Not all coding abstractions have a real-life equivalent. For instance, you'd be hard pressed to find a real-life analogy for paged memory. So instead of making a real-life analogy, I'm just going to give you a real-life case of why you need them.
First things first, the actual definition of the verb to delegate (from the Oxford Dictionary):
entrust (a task or responsibility) to
another person, typically one who is
less senior than oneself : he
delegates routine tasks | the power
delegated to him must never be
Delegates are objects that are delegated a responsibility, because it didn't make sense from a design perspective to have a single class do all the job.
Let's say you have a UI table class. You want to make it reusable to display many kinds of data: that means, for the most part, that you can't tie it to your model itself. For instance, if you made your UI table specifically to display Album objects (with a name, an artist, etc.) then you wouldn't be able to reuse it to display, say, File objects (with an owner, a document type, etc.): you'd have to edit the class to make it fit. This will duplicate a lot of code, so you should find another mechanism. This leads to a problem: how can it display any kind of data if it's not allowed to tie to the data classes?
The solution is to split the responsibility of getting the data and displaying the data. Since your table needs the data to display it but can't discover it itself because it knows nothing about your model, it should delegate this responsibility to another class, crafted precisely for this purpose, and have it hand the information back in a general form that the table will know how to use.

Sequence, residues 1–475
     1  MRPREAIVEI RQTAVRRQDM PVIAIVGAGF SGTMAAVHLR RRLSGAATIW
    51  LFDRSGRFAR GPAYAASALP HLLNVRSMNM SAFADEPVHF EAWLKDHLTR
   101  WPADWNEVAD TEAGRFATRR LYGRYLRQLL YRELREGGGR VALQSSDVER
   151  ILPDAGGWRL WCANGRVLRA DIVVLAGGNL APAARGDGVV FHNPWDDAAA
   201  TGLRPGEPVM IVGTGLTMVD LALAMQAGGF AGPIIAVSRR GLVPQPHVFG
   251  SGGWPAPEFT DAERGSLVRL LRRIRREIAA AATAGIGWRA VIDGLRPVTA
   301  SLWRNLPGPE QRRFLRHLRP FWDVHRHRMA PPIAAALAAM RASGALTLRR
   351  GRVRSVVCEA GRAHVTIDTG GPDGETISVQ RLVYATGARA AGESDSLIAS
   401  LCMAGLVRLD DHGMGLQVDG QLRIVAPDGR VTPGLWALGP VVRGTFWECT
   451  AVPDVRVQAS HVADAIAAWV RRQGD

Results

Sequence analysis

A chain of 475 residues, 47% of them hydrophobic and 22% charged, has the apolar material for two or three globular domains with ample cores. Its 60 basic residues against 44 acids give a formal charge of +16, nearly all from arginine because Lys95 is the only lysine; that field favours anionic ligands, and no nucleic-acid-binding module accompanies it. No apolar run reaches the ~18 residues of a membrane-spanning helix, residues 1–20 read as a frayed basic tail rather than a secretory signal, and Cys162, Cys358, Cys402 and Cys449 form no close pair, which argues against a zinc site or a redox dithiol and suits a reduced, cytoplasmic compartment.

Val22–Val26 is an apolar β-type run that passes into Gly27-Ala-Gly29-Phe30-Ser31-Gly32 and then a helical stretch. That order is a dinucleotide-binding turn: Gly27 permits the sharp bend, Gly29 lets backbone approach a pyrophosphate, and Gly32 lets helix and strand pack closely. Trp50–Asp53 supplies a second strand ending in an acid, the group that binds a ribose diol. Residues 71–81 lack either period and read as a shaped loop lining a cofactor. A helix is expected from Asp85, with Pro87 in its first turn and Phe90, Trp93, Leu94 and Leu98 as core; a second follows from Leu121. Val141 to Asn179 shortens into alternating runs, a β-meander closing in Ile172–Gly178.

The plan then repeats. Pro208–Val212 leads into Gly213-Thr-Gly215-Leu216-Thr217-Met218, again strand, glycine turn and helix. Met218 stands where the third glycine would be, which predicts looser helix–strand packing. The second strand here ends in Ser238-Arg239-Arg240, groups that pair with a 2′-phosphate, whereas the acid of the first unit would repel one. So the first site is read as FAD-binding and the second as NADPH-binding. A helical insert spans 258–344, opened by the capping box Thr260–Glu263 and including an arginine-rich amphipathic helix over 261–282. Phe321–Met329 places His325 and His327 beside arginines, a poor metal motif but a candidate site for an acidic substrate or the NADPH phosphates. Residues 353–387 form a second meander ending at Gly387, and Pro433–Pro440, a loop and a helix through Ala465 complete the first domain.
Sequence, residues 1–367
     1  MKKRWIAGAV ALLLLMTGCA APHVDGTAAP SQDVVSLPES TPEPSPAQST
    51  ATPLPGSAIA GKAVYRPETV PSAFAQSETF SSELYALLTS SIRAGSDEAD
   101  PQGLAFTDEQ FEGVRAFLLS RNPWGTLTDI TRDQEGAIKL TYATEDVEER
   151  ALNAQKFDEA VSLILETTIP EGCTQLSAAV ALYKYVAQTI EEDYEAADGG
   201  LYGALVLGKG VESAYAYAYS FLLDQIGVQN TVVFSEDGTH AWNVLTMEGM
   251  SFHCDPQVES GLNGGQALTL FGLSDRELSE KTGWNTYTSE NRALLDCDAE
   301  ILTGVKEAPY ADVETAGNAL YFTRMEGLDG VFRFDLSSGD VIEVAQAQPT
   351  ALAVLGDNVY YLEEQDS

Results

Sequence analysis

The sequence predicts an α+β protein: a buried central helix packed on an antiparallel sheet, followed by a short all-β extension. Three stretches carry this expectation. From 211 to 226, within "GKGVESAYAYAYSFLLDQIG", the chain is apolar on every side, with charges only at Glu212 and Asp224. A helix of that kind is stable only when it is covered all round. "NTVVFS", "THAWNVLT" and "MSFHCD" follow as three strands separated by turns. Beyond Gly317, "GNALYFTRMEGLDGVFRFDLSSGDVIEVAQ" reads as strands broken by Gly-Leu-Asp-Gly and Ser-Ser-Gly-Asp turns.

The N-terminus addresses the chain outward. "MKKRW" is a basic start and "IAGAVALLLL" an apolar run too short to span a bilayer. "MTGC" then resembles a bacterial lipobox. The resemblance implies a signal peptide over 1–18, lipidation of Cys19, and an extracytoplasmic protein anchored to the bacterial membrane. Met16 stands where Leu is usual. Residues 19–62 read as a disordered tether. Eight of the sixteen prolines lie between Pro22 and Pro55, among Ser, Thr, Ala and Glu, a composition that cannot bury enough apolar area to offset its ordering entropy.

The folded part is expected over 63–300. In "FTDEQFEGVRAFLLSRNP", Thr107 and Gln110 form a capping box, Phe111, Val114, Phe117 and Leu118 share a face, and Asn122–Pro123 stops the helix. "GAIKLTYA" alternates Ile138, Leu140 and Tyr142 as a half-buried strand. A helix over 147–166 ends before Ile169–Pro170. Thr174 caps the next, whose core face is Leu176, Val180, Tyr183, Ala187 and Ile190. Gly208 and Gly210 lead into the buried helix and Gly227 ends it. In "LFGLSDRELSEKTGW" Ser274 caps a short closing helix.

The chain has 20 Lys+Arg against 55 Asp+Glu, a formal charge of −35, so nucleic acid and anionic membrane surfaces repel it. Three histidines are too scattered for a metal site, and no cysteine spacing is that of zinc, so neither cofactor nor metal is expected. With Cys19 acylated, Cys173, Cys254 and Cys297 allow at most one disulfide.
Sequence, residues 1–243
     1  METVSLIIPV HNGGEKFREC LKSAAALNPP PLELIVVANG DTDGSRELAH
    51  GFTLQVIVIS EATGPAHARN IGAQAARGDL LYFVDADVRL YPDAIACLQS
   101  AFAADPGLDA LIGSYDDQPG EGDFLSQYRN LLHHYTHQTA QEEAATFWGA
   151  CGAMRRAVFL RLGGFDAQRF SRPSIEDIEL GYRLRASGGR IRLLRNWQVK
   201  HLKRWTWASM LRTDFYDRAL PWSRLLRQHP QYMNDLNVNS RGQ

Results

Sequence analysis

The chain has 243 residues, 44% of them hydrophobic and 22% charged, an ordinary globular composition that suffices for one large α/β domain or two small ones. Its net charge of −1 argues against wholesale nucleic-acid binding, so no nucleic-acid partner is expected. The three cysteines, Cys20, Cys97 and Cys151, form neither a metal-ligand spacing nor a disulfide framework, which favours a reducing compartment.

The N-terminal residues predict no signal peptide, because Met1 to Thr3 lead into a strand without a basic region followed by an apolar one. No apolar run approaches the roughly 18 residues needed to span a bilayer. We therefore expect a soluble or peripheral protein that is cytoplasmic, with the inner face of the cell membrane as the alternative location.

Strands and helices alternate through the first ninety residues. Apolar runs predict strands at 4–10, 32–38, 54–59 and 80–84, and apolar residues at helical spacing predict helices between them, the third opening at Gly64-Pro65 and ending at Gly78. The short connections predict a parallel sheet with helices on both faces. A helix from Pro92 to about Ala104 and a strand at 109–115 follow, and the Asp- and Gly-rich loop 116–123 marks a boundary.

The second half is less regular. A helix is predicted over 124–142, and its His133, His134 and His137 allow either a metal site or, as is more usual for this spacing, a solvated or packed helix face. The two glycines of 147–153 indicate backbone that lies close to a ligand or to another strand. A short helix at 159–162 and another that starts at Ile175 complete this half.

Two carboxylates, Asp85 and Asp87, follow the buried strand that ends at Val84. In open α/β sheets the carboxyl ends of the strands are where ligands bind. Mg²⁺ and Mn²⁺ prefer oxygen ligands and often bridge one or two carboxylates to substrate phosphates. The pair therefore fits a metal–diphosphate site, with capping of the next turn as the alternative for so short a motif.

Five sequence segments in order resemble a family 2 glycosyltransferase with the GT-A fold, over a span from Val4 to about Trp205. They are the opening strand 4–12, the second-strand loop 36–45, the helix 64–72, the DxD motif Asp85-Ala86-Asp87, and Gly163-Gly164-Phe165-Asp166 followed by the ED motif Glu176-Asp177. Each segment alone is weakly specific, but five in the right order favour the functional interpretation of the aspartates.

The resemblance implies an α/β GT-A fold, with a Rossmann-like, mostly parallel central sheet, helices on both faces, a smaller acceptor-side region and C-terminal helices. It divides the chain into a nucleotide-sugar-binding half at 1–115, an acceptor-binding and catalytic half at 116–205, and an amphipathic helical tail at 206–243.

This means you'll have another class that will respond to a certain number of methods that the table object will use as if it was part of its core behavior (for instance, a method on the delegate to get the name of the columns, another to get a specific row, etc.). For a concrete example, you could look up the
NSTableViewDelegate protocol reference: these are the methods
NSTableView can call on its delegate to get information about various things or customized behavior. (The
tableView: argument basically every method has identifies the table view calling the method. It's often ignored as many table view delegate classes exist to support a single table view.)
Delegates are objects that simply "know better". Your UI table has no clue how to get what it needs, but it has a delegate that "knows better", so it can request the data from it.
You can also use this pattern to handle events: for instance, when a view is clicked, it doesn't know what to do, but maybe it has a delegate that knows what to do.
In other words, delegates are one of a few ways of extending a class's behavior without modifying it or subclassing it.